My favorite books on writing, pt. 1

During bouts of procrastination, I often read books on writing, which fill two purposes depending on my mood: they either inspire me to get back to writing, or make me feel like a writer without actually writing. Despite the latter’s drawback, I’ve gained a lot from books on writing. They’ve helped me shape what good habits I maintain, provided doses of confidence and inspiration, and taught me useful methods for improving my craft and developing my style.

Writing books vary in quality and content. Though I have stuck to the most widely read books in the genre, I do think some are wortheir than others. But since writing will improve your craft far more than reading about it, I hope this entry helps you select the most appropriate book(s) for your particular struggles, then use the rest of your time for writing.

Generally writing books can be divided into two kinds: inspirational and technical. The former category deals with harnessing the writer’s elusive muse and cultivating it, so that you can be creative at your conveience and not the muse’s. The latter category offers tips for clarity, proper expression, and converting the writer’s ideas into the most concise means possible. Inspirational books are primarily for the writer of fiction, technical books for nonfiction. But there’s plenty of crossover between the two and no book I’ve read lies completely in one category. A fiction writer, for example, could still gain a great deal from Zinsser’s On Writing Well, despite its subtitle, “An informal guide to writing nonfiction.”

Nonetheless, I’ve divided this entry into two sections and separated the books depending on which way they lean.


Becoming a Writer, Dorothea Brande

Of all the books I’ve read, Brande’s was the least owned copy according to users of That makes it the most underrated book on this list.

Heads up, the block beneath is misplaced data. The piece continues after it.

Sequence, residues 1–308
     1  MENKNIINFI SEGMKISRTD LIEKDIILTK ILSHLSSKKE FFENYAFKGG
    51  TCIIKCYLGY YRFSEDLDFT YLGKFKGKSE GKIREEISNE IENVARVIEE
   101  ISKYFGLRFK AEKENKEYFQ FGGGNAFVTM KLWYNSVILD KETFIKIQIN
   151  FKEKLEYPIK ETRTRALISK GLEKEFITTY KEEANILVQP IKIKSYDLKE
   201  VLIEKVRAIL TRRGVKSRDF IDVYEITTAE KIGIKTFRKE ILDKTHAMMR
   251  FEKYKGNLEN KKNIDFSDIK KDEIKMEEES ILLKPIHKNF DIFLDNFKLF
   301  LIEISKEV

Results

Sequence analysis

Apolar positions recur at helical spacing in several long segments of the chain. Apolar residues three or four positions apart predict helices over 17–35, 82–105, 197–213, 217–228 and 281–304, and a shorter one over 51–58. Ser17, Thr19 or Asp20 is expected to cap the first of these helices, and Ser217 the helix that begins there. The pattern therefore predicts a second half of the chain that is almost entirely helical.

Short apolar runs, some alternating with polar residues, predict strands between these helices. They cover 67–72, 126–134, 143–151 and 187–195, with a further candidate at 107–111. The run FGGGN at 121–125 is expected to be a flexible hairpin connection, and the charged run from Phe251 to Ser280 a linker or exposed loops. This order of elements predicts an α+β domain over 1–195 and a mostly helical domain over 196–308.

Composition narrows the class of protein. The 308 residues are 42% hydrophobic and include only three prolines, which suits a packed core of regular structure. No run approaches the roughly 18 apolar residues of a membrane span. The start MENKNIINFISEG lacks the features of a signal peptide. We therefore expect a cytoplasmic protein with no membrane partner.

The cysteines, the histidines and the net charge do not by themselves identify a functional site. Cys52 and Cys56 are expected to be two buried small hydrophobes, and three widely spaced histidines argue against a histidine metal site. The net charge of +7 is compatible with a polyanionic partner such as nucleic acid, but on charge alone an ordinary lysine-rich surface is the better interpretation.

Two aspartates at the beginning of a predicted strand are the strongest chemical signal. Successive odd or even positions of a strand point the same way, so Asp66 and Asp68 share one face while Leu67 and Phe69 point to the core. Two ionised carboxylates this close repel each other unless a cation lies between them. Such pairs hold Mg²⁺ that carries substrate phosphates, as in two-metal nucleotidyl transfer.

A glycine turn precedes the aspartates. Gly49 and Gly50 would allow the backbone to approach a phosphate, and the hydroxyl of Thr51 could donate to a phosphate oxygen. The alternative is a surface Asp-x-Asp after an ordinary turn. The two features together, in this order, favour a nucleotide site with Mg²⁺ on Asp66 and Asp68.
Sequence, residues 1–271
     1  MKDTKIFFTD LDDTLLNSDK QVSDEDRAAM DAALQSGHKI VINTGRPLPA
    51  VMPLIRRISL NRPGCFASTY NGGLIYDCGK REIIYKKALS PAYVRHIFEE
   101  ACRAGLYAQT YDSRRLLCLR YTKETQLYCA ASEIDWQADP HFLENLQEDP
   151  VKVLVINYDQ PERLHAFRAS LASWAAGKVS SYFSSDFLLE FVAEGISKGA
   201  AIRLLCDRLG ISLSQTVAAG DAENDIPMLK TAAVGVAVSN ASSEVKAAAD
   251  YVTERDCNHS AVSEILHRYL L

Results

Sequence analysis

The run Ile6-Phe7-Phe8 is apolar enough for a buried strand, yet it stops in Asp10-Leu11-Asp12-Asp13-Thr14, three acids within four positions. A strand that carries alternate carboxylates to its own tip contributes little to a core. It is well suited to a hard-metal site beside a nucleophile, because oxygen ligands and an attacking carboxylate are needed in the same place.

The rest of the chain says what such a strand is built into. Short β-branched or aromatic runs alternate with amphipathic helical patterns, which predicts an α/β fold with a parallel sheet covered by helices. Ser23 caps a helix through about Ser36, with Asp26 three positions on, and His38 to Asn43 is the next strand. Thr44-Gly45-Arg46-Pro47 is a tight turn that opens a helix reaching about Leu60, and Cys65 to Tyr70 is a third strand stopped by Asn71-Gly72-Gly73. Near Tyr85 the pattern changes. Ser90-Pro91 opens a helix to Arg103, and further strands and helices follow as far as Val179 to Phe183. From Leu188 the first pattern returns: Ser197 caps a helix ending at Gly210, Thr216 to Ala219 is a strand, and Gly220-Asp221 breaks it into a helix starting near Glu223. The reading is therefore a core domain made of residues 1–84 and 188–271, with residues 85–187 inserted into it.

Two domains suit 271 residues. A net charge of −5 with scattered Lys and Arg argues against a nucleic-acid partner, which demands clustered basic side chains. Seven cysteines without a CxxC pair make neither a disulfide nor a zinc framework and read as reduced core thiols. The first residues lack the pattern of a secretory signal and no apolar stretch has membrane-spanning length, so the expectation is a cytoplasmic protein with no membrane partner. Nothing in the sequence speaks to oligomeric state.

The title is an accurate description of Brande’s aims — through gradual steps she describes a program to shape the reader from an amateur or struggling writer into a confident one. She claims this can be accomplished without composing anything that can’t be completed in a day. Writing in a direct and authoritative style, Brande makes a convincing case.

Her program attempts to bring the unconscious (the source of true creativity and originality) into harmony with the conscious (the critical, organizing faculty). Writing with either on its own is insufficient. The writer must work to lasso the unconscious, train it to work for you by following Brande’s regimen. It’s a uniquely prescriptive program: write first thing in the morning until it becomes effortless. Then write at scheduled times without breaking your pledge to yourself. Then set down to compose something in a single setting and never stop to edit. Repeat final step.

Becoming a Writer was published in 1934, making it the oldest book on this list. Psychology was a nascent science, but it’s still remarkably relevant and filled with insights about the workings of the unconscious that still ring true.

Writing Down the Bones, Natalie Goldberg

I gave away my copy of WDTB and didn’t have a chance to reread it for this entry so my thoughts aren’t as clear on this one.

WDTB falls heavily under the “inspirational” category — I would describe as “new age.” Goldberg believes that the truest thoughts are those accessed when the critical filter is silent. She seems to be describing something akin to a zen state, and I don’t think she would reject this description given her references to meditation and Buddhism.